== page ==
A pair of dolphins that spend summers in the Washington region now have something else in common with many of the other mammals who live here: They have names.
This region is a center of the democratic (small d) idea, and appropriately enough the names, according to an announcement Friday from the Potomac Conservancy and the Potomac-Chesapeake Dolphin Project, were selected by public vote.
One dolphin has been dubbed Mac. If that syllable seems to suggest the last three letters of the area’s major river, the Potomac, that was intentional.
The other great waterway, the renowned estuary known as the Chesapeake Bay, has contributed to the name of the other dolphin. It received the name “Chessie.”
The conservancy describes itself as this region’s “leading clean water advocate.” The dolphin project describes its mission as to better understand and protect the region’s dolphins.
On May 15, the two organizations joined in soliciting names for two dolphins that had for some time been frequenting area waters in relative anonymity.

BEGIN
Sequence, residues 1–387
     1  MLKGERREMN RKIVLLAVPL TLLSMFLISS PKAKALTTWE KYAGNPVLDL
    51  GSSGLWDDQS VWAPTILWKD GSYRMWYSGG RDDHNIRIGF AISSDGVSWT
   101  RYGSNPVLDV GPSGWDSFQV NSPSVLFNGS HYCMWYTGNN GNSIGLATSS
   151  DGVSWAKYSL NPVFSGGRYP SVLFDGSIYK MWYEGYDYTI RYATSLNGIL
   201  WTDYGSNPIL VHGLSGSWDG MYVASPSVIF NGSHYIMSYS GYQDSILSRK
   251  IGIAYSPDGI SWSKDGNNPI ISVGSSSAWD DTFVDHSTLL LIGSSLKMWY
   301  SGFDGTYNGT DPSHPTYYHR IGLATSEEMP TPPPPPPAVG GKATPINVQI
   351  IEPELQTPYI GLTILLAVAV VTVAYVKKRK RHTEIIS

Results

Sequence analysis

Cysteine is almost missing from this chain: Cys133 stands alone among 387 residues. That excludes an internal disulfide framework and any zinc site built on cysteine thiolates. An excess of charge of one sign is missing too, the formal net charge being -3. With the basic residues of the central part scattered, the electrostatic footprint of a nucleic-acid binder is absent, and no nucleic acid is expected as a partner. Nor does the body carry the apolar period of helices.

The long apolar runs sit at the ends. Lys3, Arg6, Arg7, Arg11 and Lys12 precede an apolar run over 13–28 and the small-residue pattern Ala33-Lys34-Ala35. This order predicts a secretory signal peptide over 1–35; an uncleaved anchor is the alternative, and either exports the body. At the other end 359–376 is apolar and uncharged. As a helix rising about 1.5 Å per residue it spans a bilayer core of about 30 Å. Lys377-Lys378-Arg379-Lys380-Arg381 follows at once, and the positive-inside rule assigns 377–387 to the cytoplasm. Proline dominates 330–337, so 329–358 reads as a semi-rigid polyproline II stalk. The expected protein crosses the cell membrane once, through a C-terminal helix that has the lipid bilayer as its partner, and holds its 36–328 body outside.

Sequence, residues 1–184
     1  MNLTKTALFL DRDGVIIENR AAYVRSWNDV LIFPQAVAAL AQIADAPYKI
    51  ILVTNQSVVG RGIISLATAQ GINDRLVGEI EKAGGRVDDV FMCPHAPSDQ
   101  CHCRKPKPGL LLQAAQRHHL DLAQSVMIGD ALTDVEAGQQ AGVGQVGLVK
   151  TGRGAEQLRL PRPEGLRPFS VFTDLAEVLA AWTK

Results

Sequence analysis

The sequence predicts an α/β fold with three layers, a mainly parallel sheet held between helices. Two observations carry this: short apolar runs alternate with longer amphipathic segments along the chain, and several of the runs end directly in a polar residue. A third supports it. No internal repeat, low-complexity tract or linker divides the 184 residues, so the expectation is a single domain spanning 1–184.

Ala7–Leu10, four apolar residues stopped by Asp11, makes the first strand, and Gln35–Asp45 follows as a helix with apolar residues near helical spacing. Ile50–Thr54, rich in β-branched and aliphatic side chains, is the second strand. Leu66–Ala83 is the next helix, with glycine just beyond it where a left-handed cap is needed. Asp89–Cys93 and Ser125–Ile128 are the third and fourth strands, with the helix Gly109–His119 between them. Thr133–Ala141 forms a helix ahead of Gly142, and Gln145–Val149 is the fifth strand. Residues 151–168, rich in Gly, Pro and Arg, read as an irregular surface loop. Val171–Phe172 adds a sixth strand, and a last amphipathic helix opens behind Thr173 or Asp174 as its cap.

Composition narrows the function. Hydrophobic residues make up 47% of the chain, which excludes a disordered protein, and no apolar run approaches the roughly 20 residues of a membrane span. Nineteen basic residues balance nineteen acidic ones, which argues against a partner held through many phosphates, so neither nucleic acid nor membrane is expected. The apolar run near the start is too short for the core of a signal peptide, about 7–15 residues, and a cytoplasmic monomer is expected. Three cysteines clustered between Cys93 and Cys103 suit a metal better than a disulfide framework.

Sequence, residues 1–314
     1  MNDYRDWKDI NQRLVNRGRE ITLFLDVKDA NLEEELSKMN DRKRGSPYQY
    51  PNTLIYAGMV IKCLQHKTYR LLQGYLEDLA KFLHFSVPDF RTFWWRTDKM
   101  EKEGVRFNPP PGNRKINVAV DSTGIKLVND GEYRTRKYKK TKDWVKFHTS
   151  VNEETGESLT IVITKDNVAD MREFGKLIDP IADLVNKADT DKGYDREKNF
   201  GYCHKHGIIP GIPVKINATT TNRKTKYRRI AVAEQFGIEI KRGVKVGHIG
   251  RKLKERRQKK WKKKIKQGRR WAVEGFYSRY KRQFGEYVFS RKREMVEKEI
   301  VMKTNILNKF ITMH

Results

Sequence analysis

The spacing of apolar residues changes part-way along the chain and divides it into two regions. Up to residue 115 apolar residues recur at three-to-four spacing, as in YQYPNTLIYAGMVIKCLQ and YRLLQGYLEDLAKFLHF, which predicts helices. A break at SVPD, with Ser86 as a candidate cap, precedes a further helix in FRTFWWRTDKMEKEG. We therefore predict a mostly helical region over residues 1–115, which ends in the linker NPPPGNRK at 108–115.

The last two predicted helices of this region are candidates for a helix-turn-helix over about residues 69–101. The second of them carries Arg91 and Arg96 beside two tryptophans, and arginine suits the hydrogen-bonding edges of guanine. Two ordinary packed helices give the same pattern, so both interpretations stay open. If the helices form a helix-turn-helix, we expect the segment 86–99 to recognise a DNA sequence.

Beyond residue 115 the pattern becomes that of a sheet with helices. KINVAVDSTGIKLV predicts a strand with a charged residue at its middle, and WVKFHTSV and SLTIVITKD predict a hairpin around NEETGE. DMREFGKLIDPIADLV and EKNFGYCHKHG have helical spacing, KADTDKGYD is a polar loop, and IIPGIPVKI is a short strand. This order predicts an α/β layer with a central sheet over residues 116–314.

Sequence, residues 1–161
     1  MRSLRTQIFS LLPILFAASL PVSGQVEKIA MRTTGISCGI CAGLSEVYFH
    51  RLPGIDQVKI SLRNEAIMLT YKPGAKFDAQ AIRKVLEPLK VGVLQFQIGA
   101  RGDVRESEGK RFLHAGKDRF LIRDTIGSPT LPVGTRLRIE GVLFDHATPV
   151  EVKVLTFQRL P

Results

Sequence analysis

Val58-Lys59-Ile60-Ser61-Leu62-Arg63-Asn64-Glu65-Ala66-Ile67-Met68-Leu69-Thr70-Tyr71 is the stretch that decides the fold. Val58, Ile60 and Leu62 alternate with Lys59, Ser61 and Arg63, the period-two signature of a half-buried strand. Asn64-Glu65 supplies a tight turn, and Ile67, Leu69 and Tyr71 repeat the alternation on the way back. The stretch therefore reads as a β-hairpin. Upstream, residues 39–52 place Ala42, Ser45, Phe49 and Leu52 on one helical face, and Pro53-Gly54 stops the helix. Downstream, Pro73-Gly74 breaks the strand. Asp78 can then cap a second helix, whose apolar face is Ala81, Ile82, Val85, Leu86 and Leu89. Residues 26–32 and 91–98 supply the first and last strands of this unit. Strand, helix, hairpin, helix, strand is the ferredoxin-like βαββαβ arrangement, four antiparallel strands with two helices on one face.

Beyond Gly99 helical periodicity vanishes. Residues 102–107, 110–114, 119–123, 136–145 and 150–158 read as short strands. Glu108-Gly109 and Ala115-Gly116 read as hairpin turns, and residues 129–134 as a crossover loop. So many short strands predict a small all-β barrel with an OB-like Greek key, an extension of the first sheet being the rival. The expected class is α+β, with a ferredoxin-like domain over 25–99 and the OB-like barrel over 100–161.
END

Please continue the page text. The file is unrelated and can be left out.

The conservancy said Friday that more than 1,400 ballots were cast. It said the chosen names received 27 percent of the vote.
In second place, with 16 percent of the vote, were the names Cherry and Blossom.
Providing names for the dolphins may serve a similar purpose to bestowing names upon such other animals: It helps in telling them apart.
As an aid to tracking dolphins, the project said it identifies them by their dorsal fins and assigns to each a unique name.
So far, the group said, a total of more than 1,000 dolphins have been identified in the river. It said the river and bay may harbor many more. The project said it has provided names to 304 dolphins, including those of presidents, vice presidents, first ladies and members of Congress.
Dolphins migrate from the Atlantic Ocean in May and June to spend summers in the Potomac and Chesapeake, the groups said. They are concentrated in tidal waters near the river’s mouth but have been spotted as far upstream as the Route 301 bridge.
The two newly named dolphins had previously been designated only as D1 and D2, seemingly pallid and drab ways of identifying the highly popular creatures.